“I think there are some clues on the dairy side that have been ignored on the beef side,” said Dr. Dinesh Dadarwal (DVM, PhD, Diplomate ACT), an assistant professor in the Department of Large Animal Clinical Sciences at the Western College of Veterinary Medicine.
While Dadarwal is focused on cattle research, animal science wasn’t always his passion. He remembers weighing his options between becoming a physician and a veterinarian. As a child being raised in Hisar, a city in India, he expected he would become a medical doctor, but spending every summer at his family’s farm kept drawing him to the animal world.
“I still remember the first class I had in veterinary school. It was in anatomy. I thought, ‘This is it! I’m not going anywhere,’” said Dadarwal enthusiastically in an interview.
“My interest just grew. There are so many species to work with. It keeps me on my toes.”
Dadarwal’s experience spans a wide range of animals. In India, his extended family continues to raise water buffalo, cows, camels, sheep and goats. Professionally, he has worked in a small animal clinic in India, caring for pets and stray animals, and he has conducted research on donkeys. He currently conducts research on dairy cows as well as beef cattle and sheep.
In 2007, Dadarwal started his PhD work at USask, focusing on cattle reproductive health. After he completed his PhD in 2012, he returned to India to teach before returning to USask as a resident. During his post-doctoral residency, he narrowed the focus of his work in theriogenology, a specialty of veterinary medicine concerned with animal reproduction. He continues his research into the post-partum uterine health of dairy and beef cows.
Dadarwal is committed to ensuring the health and wellbeing of all the animals that he studies with an eye to improving animal production and profitability.
Within the first week after a cow calves, it’s normal for the animal’s uterus to be enlarged, inflamed and infected with bacteria. Three things need to happen to prepare the animal for breeding again. Immediately after the birth, the uterus is about 10 kilograms. It needs to shrink to about one kilogram. The bacteria need to be cleared out and the lining of the uterus needs to be repaired.
Research has shown that between 20 and 50 per cent of dairy cows develop inflammation that continues into the fourth, fifth and sixth week after calving. The dairy cows with this sustained inflammation tend to have a lower conception rate in the next breeding season, says Dadarwal.
“It’s one thing that the uterus is not healthy enough to support the next pregnancy but even if that animal gets pregnant somehow, it will lose that pregnancy.”
Dadarwal wants to know if this is more common with dairy cattle than with beef cattle. Dairy cows are bred and raised for high milk production where beef cows are bred to raise a calf, usually while the pair is on pasture.
“Are we creating two different populations? Beef cows are not pushed metabolically. They are not diverting all their nutritional resources to milk production. Are they able to balance it out compared to dairy cows? Can we use that beef cow as a low-metabolic stress model to study uterine health? What happens if you put a beef cow into metabolic stress and how does that affect fertility?”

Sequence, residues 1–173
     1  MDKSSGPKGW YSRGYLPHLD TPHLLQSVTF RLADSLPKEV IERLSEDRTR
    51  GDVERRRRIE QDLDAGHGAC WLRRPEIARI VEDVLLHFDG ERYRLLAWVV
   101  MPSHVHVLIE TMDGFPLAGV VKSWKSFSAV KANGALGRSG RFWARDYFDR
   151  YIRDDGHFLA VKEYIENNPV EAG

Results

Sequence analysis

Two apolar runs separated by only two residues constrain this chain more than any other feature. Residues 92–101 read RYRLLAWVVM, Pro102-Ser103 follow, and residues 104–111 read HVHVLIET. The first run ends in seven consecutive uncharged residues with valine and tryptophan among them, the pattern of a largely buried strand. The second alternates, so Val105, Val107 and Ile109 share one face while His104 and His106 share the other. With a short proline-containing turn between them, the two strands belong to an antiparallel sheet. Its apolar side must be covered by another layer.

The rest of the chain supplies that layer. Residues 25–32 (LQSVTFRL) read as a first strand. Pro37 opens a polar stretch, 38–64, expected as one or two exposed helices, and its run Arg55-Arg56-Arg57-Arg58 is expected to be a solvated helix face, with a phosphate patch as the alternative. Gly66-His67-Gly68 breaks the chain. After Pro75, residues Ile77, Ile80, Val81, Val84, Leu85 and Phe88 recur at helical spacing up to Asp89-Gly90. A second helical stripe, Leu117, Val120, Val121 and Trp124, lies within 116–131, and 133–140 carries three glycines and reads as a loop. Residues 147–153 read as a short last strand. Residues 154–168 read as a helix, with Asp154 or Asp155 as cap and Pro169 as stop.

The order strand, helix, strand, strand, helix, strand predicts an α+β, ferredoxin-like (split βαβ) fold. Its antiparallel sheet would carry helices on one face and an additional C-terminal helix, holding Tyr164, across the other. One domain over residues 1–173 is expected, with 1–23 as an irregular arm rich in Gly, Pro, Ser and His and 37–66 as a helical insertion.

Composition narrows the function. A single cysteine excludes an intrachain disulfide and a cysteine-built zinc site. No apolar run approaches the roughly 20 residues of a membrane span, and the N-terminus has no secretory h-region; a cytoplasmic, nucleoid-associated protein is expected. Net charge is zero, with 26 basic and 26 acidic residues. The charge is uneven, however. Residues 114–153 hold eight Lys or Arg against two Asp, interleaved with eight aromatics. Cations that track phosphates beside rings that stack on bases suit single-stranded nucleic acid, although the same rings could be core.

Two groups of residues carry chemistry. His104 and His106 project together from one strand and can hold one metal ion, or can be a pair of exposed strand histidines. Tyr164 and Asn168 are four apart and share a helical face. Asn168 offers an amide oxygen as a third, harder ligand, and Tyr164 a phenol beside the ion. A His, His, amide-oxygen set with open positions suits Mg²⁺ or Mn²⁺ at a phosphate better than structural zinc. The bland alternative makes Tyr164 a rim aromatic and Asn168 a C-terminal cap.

Dadarwal’s multi-year study, funded by a Natural Sciences and Engineering Research Council of Canada (NSERC) Discovery Grant, will be conducted at the Livestock and Forage Centre of Excellence and at the Rayner Dairy Research and Teaching Facility. He will compare inflammation and fertility of mother-daughter pairs and unrelated older and younger cows in both beef and dairy herds. He will also be examining the bacteria itself.
“Bacteria involved in the inflammation in the dairy cows in the post-partum period are commensals that are in the uterine tract all the time. What are the conditions that made the bacteria decide to cause sustained inflammation?”
Dadarwal is hoping to develop a tool or a test that would help beef producers identify cows that have sustained inflammation so they can cull these animals from their herd. He also hopes to learn if mother-daughter pairs respond the same or differently after having a calf. Ultimately, beef producers want to raise healthy cows that produce healthy calves as that is their source of income. Dadarwal’s research could result in the development of selection criteria, increasing the profitability of beef producers.
Producers need to consider their return on investment, whether it’s selecting breeding animals or implementing emerging technologies as part of their management strategies. While companies develop and market artificial intelligence applications for the cow-calf industry, these applications often aren’t validated by a third party.
“The key thing is the price. As long as the cost is not prohibitive for these capital inputs, if you have an algorithm that can identify cows that are lame or calving or having problems calving and have that send you a text message, that’s a pretty good thing,” said Dadarwal, who will be a collaborator on a smart-tech research project with Dr. Jaswant Singh (BVSc, PhD), a Western College of Veterinary Medicine professor.
Data will be collected three ways: video surveillance, ear tags with GPS tracking and tail sensors.
“We will try to compare visual observation with the camera system with the ear tag system and the tail sensors that are out there for the calving. Can they somehow ‘talk’ to each other? That would be the perfect scenario.”
With experienced cow-calf workers in short supply, Dadarwal is hoping the research they are conducting will benefit the owners of cow-calf operations.
The two-year study, beginning in the spring of 2024 at the LFCE, will be funded by the Saskatchewan’s Agriculture Development Fund.